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  • Author or Editor: Charles R. Pugh x
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in Journal of the American Veterinary Medical Association
in Journal of the American Veterinary Medical Association

Summary

Medical records of 23 dogs and 3 cats treated for noncardiogenic pulmonary edema (npe) resulting from airway obstruction (n = 8), cranial trauma (7), electric shock (7), or seizures (4) between 1987 and 1993 were reviewed. There were 18 purebred dogs, 5 mixed-breed dogs, 2 domestic shorthair cats, and 1 Siamese. Sixteen animals were male, and 10 were female. All but 7 were less than 1 year old. Time between the inciting incident and onset of respiratory tract signs ranged from minutes to several hours. Respiratory distress was the primary clinical sign for all animals with npe resulting from airway obstruction, cranial trauma, or seizures, and for 2 of the 7 animals with npe resulting from electric shock. The only consistent clinicopathologic abnormality was hyperglycemia, which was detected in 12 animals. Arterial blood gas partial pressures were measured in 11 animals; 10 were hypoxemic. On thoracic radiographs, the predominant pattern of pulmonary infiltration was alveolar. Symmetry of involvement, which was assessed by examining dorsoventral or ventrodorsal radiographic projections, could be determined for 23 animals. In 18, involvement was asymmetric, and in 13 of those 18, the right side was predominantly involved. On lateral radiographic projections, the caudodorsal quadrant of the lung field was involved primarily or as part of a diffuse distribution in all but 1 animal. Generally, animals with npe resulting from airway obstruction had the greatest degree of radiographic involvement, followed in decreasing order, by animals with npe resulting from cranial trauma, animals with npe resulting from seizures, and animals with npe resulting from electric shock. Overall, 9 animals died. Four of the 8 animals with npe resulting from airway obstruction and 2 of the 7 animals with npe resulting from cranial trauma died or were euthanatized because of the severity of the pulmonary compromise. One animal with npe resulting from electric shock developed seizures and died. Two of the 4 animals with npe resulting from seizures were euthanatized because of the underlying cause of the seizures. Overall, 20 of the 26 animals were discharged, died, or were euthanatized within 48 hours of admission to the hospital.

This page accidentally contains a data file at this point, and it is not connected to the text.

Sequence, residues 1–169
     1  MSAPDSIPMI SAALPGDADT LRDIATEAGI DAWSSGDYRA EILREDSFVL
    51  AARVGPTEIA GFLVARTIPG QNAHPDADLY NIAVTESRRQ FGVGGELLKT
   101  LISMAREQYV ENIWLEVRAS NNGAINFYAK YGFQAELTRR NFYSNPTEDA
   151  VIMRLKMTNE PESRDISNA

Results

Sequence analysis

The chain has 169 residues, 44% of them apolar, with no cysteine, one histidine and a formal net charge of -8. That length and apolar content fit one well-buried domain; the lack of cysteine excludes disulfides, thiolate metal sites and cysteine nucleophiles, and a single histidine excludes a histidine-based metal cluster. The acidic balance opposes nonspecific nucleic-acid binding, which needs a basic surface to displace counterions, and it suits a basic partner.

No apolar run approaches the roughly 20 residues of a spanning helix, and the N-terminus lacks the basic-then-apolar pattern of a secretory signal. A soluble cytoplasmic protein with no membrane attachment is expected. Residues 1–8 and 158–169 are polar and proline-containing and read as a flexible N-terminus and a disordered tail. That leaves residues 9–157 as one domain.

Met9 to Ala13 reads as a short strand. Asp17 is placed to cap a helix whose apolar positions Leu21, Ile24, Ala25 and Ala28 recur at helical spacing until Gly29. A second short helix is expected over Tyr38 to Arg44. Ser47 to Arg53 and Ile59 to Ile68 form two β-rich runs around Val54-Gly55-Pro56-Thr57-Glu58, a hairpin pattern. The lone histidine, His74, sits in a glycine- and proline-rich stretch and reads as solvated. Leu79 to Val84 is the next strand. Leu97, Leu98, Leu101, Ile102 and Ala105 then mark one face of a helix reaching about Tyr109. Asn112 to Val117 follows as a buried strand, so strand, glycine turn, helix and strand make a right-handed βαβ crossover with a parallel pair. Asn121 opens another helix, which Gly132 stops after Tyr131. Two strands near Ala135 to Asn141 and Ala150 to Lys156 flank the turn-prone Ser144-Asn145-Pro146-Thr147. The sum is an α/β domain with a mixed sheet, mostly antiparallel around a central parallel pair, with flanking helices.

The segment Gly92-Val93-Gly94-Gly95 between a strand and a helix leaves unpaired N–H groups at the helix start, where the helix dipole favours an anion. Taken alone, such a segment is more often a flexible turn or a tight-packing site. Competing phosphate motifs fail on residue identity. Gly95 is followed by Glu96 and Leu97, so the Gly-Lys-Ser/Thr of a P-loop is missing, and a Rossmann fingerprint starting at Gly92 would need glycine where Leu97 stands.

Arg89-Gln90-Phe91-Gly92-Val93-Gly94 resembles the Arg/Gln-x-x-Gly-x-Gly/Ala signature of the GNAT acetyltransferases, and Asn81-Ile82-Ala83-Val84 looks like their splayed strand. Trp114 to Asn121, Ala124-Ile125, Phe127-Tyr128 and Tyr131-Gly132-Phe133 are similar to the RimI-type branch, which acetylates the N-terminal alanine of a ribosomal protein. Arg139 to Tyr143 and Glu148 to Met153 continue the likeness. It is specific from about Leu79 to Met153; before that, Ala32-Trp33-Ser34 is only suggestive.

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in Journal of the American Veterinary Medical Association